Saturday here was a glorious 72° of sunshine! The weather this storm is bringing, however, is an entirely different matter. Continue reading “Boring people may talk about the weather – but there’s nothing boring about this weather news or the financial disaster to follow!”
And, then there were four – ex rel Rigsby, ex rel Branch Consultants, ex rel Denenea and, now, ex rel Sonnier v Allstate:
ALLSTATE’s price allowed on wind policy estimates of loss in the State of Louisiana for painting damaged areas was between $0.15 and $0.38 per square foot. However, on NFIP flood policy estimates, ALLSTATE allowed $0.56 per square foot, a difference of between $0.18 and $0.41 per square foot. Thus, if the true and correct cost to repaint flood damaged property was between $0.15 and $0.38 per square foot (i.e., the same cost listed by defendant, ALLSTATE, to paint the same unit of drywall covered under the wind policy issued for the same property by defendant, ALLSTATE, and applicable to the same loss event), ALLSTATE caused the federal government to overpay ALLSTATE between $0.15 and $0.41 for every square foot required to be painted in every NFIP flood policy loss estimate adjusted and initially paid by ALLSTATE but subsequently submitted to the federal government for full reimbursement to ALLSTATE.
Kermith Sonnier, “the Relator is a licensed insurance adjuster with 30 years experience…principal shareholder of Sonnier & Fisher Public Adjusters, LLC, a public adjusting firm based in Lake Charles, Louisiana”.
The allegations in Mr. Sonnier’s recently unsealed qui tam Complaint against Allstate are Plus-Size – over a $1,00o,ooo,000 federal dollars fraudulently by manipulating multiple costs in claims submitted to the NFIP from multiple disasters in multiple locations over the six year period prior to filing the Complaint under seal on December 10, 2009. Continue reading “Allstate painted (literally) company in a Billion $ Corner – ex rel Sonnier v: FOURTH qui tam Complaint filed against Allstate”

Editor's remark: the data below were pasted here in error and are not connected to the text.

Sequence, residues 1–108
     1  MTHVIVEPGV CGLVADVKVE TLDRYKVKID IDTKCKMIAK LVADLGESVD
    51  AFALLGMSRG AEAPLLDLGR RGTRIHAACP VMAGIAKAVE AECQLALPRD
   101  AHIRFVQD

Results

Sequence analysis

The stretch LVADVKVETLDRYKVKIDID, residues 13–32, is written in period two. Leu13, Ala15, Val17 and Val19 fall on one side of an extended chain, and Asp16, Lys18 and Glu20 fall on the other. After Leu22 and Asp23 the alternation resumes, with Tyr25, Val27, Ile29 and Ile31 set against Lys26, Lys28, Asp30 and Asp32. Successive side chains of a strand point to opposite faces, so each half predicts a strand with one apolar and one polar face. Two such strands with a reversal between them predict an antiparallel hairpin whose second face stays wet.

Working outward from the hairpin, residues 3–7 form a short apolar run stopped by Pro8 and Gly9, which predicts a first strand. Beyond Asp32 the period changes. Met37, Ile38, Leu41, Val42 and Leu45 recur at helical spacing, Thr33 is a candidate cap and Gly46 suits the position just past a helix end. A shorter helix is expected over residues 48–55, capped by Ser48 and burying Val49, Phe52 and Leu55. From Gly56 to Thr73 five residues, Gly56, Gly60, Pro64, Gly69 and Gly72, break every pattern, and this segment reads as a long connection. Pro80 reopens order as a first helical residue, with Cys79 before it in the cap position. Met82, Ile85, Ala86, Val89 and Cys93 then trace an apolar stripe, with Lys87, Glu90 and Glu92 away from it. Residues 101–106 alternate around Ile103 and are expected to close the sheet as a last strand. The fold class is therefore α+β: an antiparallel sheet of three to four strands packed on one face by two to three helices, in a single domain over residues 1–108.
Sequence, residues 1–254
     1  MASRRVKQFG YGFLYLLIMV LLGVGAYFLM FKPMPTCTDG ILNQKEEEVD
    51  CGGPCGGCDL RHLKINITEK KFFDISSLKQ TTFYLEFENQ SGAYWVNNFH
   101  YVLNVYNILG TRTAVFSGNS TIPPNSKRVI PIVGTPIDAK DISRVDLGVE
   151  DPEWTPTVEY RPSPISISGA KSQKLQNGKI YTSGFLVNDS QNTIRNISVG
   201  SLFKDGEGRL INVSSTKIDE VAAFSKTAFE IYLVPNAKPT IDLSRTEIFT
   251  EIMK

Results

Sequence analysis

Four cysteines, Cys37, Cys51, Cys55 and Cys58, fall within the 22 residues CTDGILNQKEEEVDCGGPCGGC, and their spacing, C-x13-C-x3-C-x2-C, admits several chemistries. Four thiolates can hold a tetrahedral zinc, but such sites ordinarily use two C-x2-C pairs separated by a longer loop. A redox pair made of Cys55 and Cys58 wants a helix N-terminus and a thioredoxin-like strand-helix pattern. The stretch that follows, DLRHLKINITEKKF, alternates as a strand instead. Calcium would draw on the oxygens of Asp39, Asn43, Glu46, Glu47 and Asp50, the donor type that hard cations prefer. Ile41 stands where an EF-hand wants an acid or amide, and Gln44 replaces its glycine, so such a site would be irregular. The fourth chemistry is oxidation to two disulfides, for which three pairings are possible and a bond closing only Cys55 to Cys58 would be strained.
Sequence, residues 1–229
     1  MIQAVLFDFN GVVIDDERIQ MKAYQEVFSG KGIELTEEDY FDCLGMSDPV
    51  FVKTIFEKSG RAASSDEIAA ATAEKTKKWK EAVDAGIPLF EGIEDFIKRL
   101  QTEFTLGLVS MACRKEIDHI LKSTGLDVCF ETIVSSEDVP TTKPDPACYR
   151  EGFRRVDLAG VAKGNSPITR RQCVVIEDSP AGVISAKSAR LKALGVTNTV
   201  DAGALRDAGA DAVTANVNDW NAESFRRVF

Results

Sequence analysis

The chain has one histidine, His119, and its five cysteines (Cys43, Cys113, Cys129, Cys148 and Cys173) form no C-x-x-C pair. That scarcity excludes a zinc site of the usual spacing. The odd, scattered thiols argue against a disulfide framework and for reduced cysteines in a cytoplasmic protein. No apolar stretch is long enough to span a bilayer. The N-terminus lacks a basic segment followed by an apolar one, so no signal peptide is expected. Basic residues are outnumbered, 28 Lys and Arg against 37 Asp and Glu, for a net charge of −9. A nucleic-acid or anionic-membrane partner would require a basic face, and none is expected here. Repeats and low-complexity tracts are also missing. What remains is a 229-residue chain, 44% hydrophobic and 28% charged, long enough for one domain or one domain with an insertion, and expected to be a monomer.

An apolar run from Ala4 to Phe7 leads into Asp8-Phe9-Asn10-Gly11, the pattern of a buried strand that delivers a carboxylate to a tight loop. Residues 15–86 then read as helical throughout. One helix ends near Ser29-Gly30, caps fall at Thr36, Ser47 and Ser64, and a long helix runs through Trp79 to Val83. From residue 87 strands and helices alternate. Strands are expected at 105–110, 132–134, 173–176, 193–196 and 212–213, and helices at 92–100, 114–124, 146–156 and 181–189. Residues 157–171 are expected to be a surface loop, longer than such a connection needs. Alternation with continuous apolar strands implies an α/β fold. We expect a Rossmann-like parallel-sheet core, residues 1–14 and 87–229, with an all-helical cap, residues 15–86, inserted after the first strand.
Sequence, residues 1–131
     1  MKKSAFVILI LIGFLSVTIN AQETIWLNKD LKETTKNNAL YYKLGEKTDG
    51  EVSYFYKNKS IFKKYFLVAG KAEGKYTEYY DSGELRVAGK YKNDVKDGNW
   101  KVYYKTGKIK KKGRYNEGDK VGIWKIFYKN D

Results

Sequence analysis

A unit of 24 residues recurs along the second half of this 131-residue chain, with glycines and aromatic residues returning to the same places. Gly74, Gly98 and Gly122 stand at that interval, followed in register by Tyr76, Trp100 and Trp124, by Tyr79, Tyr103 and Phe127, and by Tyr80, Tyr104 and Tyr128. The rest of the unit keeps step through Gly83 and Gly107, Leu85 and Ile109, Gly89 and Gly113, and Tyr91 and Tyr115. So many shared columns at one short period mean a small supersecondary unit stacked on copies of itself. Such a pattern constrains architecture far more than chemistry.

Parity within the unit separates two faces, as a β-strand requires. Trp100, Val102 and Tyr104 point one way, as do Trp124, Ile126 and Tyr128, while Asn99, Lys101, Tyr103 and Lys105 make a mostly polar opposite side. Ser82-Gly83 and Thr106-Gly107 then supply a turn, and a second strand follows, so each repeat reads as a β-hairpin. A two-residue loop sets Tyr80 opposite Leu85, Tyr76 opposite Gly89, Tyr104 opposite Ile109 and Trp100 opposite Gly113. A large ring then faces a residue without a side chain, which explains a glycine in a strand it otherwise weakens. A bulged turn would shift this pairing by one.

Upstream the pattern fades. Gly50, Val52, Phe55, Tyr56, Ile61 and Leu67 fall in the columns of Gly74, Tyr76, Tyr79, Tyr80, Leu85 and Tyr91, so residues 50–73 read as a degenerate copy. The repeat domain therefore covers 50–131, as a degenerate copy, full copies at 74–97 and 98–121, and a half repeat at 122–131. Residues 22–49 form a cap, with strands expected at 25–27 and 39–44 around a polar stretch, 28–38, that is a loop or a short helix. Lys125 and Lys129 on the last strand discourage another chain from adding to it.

It will take me all weekend to do an update on the three Katrina qui tam cases – ex rel Rigsby v State Farm, ex rel Denenea v Allstate, and ex rel Branch Consultants v Allstate et al – but with so much serious discussion taking place on SLABBED, I thought it was time to lighten up and, since State Farm’s proposed “Supplemental Jury Questionnaire (“SJQ”)’ had me ROFLMAO, I thought it might tickle your funny bone.
As a warm up, I’ll quote from State Farm’s Motion:
Numerous Courts, including the Southern District of Mississippi, have used an SJQ to help screen potential jurors, thereby reducing the amount of time needed for live questioning of the jury venire. Here, the use of a short but pointed case-specific questionnaire would expedite the voir dire process and save valuable court time…The Court and the parties can review the prospective jurors’ written questionnaire and identify by stipulation those responding with answers requiring automatic dismissal for cause…The Rigsbys oppose the SJQ for reasons they have not shared with counsel for State Farm.
Imagine that! Anyone reading the proposed Juror Questionnaire would find the reasons the Rigsbys would oppose State Farm’s SJQ so obvious there wouldn’t be a need to share.
Question 22, for example, asks prospective jurors, “How well did FEMA handle the claims of Hurricane Katrina victims in this area?” – as if there is anyone in America (other than our President who thought “Brownie” was “doing a heck of a job”) who doesn’t know FEMA was a bigger disaster than Katrina!
State Farm’s Memorandum in Support of the Company’s motion is also good for a grin or two: